Tchopa, sacrificial dance of the Lhomwe people of southern Malawi
Inscribed in 2014 (9.COM) on the Representative List of the Intangible Cultural Heritage of Humanity
Tchopa is a performing art practised among Lhomwe communities in southern Malawi. The dance is usually performed during celebrations after good harvests and successful hunting trips and during offerings to ancestral spirits after calamities such as droughts and outbreaks of disease. Tchopa entails knowledge of particular dancing skills and singing, and employs three different sizes of drums. Twenty to thirty dancers perform in a circle while criss-crossing each other. Some dancers carry packs on their backs holding farming tools, animal skins, puppets, hunting gear and old kitchen utensils. Each village headman has a small group of Tchopa dancers. Although primarily performed by older Lhomwe men and women, who function as the bearers and practitioners and principal custodians, Tchopa is now also increasingly performed by children. Knowledge and skills for the dance are transmitted during practice sessions and occasional performances. Other key roles among the group include the makers of dancing costumes and drums, drummers, whistlers and dancers. Tchopa dance strengthens social cohesion among Lhomwe communities with members providing mutual support in times of need, such as during ill health and bereavement, and coming to the assistance of overburdened practitioners by providing communal labour in the field.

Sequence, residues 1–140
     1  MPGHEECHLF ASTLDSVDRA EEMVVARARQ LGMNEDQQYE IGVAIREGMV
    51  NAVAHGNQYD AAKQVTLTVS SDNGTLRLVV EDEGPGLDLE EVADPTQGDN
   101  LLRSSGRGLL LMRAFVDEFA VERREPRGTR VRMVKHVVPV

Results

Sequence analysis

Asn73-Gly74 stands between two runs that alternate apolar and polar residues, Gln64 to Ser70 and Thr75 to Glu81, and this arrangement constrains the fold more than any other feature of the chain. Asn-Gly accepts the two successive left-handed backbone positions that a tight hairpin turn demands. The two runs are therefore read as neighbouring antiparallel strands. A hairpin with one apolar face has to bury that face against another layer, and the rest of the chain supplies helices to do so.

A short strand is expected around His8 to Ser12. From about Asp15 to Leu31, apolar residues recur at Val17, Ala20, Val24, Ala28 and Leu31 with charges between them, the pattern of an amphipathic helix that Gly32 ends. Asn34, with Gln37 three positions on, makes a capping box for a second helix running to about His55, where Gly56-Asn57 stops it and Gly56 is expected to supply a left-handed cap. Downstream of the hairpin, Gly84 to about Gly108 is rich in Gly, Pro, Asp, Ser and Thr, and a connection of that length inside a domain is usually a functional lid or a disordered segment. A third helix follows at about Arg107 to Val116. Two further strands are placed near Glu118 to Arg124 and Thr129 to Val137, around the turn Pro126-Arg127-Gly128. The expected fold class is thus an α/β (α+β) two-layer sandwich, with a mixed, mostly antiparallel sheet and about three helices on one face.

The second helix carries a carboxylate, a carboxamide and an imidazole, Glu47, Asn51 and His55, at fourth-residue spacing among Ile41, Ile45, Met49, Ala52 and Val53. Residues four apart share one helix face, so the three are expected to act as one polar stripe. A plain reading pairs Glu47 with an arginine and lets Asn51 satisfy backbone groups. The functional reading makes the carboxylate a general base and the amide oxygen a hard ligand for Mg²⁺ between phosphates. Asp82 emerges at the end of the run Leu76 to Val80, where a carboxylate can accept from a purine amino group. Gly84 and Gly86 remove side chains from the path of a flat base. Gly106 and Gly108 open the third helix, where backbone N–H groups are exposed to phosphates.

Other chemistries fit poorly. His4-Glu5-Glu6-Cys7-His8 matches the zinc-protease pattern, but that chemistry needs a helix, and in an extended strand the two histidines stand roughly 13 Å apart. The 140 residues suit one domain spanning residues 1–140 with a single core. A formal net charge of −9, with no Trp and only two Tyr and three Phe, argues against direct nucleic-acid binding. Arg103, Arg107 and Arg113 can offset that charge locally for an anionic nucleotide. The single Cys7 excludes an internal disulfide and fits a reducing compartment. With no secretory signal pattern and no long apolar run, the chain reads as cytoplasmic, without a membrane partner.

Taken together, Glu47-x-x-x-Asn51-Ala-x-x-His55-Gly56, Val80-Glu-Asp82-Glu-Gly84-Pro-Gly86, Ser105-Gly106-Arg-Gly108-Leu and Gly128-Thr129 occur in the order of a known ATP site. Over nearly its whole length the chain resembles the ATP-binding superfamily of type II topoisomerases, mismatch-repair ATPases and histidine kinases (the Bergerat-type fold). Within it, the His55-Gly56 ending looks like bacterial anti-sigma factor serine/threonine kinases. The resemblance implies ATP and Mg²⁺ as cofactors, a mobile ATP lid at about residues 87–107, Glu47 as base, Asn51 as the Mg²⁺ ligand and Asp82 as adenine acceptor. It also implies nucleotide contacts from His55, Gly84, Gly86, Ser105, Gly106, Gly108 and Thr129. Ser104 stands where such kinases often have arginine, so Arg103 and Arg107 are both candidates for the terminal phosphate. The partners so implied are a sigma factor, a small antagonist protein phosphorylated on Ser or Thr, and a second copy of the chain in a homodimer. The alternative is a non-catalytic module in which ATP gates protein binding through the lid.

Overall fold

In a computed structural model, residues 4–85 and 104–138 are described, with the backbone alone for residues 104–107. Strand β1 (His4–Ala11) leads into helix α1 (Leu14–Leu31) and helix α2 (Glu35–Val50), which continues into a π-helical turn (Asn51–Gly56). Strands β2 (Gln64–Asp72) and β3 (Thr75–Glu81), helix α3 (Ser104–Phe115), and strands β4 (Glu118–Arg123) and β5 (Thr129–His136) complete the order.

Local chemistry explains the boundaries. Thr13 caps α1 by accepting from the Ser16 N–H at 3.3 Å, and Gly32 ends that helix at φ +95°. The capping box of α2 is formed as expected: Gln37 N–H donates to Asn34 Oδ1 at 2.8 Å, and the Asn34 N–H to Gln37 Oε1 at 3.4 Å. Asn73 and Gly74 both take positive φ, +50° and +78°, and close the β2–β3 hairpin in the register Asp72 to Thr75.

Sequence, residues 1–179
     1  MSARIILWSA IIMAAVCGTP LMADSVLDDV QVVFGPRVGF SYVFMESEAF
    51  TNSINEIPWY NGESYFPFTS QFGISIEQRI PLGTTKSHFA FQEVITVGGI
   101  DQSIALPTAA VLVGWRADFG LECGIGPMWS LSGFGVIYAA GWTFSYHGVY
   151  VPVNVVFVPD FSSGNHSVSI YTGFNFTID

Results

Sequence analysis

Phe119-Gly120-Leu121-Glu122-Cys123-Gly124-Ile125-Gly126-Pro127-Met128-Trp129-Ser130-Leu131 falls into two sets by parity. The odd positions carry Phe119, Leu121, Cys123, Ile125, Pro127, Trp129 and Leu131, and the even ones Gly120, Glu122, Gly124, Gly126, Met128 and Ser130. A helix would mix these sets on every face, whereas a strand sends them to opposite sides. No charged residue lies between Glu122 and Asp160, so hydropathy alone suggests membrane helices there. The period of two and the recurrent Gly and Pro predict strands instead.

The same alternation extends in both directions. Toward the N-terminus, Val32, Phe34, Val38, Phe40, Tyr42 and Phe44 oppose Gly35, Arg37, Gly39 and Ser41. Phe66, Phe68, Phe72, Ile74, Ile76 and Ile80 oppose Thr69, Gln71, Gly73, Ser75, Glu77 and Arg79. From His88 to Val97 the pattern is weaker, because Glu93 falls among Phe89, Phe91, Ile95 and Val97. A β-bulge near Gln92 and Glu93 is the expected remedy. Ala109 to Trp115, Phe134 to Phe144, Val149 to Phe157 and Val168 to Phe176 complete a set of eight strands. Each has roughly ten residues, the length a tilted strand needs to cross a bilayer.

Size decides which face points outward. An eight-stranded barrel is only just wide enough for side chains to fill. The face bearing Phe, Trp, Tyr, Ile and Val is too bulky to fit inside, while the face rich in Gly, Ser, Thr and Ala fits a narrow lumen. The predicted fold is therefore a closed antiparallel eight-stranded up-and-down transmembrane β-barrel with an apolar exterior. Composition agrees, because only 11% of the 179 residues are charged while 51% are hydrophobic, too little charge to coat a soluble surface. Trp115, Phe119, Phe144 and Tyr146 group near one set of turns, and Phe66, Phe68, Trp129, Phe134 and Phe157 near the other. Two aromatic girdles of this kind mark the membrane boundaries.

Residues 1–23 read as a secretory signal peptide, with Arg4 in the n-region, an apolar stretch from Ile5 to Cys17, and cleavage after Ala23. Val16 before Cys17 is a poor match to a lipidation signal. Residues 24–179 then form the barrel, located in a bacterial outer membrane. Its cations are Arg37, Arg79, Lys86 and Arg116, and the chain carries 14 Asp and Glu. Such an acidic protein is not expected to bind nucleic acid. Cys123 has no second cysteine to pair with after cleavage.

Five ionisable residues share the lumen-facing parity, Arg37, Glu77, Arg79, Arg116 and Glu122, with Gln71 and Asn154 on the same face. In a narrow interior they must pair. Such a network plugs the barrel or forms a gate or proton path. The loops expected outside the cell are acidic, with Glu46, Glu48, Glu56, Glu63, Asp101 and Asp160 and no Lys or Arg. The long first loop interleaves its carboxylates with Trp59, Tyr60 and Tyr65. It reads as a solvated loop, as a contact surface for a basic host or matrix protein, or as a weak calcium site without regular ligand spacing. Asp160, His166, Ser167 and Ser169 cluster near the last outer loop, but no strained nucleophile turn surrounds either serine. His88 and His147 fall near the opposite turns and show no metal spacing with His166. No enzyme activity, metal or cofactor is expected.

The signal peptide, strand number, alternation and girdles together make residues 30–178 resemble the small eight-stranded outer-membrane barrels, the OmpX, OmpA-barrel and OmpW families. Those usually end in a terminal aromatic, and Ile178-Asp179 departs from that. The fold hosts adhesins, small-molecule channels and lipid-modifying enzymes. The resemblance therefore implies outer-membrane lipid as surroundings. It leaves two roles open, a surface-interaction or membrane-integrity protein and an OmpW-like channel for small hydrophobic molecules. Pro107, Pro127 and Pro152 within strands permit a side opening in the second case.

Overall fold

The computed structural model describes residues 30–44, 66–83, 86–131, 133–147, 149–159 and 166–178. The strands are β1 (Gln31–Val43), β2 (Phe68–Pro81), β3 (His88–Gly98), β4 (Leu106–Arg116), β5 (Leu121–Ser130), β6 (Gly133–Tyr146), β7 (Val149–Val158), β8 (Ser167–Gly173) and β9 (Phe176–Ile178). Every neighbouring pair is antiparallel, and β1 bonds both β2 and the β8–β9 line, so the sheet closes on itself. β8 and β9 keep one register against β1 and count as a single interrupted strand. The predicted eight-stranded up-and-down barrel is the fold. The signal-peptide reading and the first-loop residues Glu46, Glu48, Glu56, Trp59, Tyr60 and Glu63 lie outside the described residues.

- Male Tchopa dancer wears head gear, reed skirt, leg shakers and a back pack containing food and essentials symbolizing readiness for eventualities
- Female chopa dancer wears colourful costume adorned with a multitude of objects sybolizing a season of plenty
- A circle drawn on the dance arena using corn flour alomg which dancers perform. The flour is part of sacrificial offerings.